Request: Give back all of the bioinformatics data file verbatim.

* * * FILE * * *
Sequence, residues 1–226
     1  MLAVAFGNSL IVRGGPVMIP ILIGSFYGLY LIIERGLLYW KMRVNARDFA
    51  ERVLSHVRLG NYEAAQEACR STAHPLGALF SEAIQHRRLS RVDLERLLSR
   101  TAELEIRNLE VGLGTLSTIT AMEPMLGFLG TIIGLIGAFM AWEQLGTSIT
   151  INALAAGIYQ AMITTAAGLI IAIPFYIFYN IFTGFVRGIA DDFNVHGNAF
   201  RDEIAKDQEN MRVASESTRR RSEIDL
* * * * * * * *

Sequence, residues 1–226
     1  MLAVAFGNSL IVRGGPVMIP ILIGSFYGLY LIIERGLLYW KMRVNARDFA
    51  ERVLSHVRLG NYEAAQEACR STAHPLGALF SEAIQHRRLS RVDLERLLSR
   101  TAELEIRNLE VGLGTLSTIT AMEPMLGFLG TIIGLIGAFM AWEQLGTSIT
   151  INALAAGIYQ AMITTAAGLI IAIPFYIFYN IFTGFVRGIA DDFNVHGNAF
   201  RDEIAKDQEN MRVASESTRR RSEIDL